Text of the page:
Stories and myths. The final domain is ‘Stories and Myths’. This domain represents the deep, intangible heritage of the military medical system and the creation of an identity across the entire organisation. Many military medical services have an institutional book that communicate these stories and myths for military medicine. Figure 1 shows some of the books published by military medical services across the globe. Much of military identity is centred around the notion of the ‘military hero’ whose bravery and selfless commitment has led to delivering the mission or saving colleagues. The military medical story is often based on personal heroism at the point of injury followed by technical excellence in the care of casualties through the care pathway.
These domains of the cultural web set the conditions for the organisational Paradigm – the unifying pattern of ideas and beliefs that represent how an organisation behaves to deliver its outputs. In military systems the paradigm might be expressed as a motto, vision, mission or purpose. Examples of published paradigms are shown in Box 1.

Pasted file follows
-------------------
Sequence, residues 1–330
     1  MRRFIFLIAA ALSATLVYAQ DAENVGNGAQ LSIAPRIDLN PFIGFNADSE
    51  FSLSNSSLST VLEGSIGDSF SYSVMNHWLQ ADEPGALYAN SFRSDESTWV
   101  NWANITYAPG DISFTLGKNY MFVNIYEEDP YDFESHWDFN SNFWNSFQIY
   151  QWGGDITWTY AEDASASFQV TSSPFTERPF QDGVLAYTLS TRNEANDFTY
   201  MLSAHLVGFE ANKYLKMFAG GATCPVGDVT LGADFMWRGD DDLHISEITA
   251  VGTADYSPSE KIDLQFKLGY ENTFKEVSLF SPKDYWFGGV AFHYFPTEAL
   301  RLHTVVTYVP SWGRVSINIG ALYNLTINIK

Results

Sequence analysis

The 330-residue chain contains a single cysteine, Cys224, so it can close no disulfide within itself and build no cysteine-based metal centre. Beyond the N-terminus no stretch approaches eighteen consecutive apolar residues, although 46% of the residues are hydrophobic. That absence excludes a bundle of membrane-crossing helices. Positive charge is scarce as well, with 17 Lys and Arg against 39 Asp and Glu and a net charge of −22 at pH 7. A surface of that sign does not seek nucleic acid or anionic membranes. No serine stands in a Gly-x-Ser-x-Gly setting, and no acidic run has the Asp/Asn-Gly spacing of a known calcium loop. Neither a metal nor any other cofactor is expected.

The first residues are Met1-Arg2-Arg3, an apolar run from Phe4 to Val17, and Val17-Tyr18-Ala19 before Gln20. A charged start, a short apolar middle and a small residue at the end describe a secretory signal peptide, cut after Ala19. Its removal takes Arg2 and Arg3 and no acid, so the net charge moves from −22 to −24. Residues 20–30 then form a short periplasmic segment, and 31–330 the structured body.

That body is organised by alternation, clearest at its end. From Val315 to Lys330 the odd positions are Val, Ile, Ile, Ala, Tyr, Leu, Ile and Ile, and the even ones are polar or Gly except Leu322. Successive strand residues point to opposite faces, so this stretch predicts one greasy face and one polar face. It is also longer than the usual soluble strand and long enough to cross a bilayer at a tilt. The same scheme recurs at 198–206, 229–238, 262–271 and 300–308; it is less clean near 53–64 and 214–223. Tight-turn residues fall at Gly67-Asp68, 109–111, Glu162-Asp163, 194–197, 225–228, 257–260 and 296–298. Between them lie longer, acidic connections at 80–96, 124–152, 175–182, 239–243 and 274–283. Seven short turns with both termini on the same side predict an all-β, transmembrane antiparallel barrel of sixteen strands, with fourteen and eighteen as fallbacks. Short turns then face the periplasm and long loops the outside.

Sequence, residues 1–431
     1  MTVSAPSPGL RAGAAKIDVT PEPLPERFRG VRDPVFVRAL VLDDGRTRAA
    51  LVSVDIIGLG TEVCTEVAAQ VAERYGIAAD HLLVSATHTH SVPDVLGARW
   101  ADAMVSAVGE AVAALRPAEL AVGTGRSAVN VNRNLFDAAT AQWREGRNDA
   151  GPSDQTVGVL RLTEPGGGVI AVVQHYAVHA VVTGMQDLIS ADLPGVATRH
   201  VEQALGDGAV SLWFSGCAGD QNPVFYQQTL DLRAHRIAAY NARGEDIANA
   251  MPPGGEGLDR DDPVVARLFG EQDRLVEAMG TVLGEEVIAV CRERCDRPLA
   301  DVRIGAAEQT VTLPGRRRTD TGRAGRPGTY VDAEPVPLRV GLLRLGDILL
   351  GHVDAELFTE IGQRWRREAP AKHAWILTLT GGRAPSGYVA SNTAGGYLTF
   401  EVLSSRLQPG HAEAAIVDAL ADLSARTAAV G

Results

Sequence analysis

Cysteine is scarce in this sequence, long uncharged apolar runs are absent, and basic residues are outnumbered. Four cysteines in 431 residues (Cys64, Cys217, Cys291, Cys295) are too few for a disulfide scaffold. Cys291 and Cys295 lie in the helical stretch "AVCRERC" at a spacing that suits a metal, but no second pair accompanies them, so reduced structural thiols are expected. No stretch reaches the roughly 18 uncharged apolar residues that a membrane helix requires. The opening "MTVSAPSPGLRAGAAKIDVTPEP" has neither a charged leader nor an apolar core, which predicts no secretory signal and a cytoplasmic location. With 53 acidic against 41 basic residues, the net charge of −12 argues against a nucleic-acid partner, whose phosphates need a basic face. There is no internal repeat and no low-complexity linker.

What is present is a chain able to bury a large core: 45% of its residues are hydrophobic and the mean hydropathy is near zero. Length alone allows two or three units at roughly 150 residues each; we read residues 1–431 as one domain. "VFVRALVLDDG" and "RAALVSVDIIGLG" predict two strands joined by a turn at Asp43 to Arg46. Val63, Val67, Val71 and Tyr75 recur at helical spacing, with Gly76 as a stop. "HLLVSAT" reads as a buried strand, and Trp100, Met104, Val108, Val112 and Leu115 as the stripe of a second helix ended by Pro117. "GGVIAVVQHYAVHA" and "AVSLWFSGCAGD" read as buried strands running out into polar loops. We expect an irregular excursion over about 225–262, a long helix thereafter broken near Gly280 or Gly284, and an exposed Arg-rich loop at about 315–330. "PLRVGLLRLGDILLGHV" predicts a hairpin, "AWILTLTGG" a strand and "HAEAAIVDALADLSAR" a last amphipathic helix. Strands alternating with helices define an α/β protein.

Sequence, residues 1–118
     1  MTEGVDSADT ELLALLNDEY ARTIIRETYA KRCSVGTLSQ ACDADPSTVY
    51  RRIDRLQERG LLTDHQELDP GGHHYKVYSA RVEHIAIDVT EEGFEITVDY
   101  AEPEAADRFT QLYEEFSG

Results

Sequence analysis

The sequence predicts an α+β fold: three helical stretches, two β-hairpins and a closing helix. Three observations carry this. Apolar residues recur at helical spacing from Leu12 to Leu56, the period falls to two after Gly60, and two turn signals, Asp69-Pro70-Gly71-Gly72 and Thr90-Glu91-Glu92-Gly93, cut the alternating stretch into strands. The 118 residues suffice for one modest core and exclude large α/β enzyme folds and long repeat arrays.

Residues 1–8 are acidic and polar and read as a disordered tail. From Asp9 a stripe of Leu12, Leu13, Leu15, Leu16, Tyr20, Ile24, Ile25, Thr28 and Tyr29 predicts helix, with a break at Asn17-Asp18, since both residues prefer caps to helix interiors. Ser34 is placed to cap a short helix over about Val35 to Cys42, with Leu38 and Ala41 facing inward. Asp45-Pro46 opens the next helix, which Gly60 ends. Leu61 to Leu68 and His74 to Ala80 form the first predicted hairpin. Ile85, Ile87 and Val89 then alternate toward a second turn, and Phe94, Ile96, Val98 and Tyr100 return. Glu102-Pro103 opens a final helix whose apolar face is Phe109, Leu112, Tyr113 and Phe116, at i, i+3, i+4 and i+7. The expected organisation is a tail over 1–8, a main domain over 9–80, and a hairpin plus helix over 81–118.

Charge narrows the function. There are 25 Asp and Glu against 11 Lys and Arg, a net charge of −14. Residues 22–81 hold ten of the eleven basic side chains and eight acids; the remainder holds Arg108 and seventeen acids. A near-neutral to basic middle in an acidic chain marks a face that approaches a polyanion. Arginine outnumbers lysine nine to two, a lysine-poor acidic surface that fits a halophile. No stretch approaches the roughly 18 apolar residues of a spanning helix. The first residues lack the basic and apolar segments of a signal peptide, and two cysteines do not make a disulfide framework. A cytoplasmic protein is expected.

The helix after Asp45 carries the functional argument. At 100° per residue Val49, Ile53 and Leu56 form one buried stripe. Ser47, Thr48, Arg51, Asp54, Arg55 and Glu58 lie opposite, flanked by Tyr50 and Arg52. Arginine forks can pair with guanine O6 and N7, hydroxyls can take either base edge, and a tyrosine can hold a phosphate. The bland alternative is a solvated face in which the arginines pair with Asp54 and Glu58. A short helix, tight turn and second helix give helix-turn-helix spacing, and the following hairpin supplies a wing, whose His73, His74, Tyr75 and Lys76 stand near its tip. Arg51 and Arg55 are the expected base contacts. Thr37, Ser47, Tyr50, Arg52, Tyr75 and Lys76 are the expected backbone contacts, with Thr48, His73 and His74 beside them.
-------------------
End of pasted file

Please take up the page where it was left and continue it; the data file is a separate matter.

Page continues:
Box 1 Examples of Military Medical Paradigms
The motto of the British Royal Army Medical Corps – In Arduis Fidelis – Faithful in Adversity
The motto of French military medical service – Votre vie, notre combat – your life, our fight.
The mission statement of the US Defence Health Agency; the Defense HealthAgency (DHA) is a joint, integrated Combat Support Agency that enables the Army, Navy, and Air Force medical services to provide a medically ready force and ready medical force to Combatant Commands in both peacetime and wartime (8).
The role statement of the UK Defence medical services; The primary role of the UK Defence Medical Services is to promote, protect and restore the health of the UK armed forces to ensure that they are ready and medically fit to go where they are required in the UK and throughout the world (9).
The analysis of the domains of the Cultural Web can be used to determine the alignment between the cultural artefacts of an organisation to its Paradigm; or to determine those cultural artefacts that need to be reviewed if the Paradigm has to change.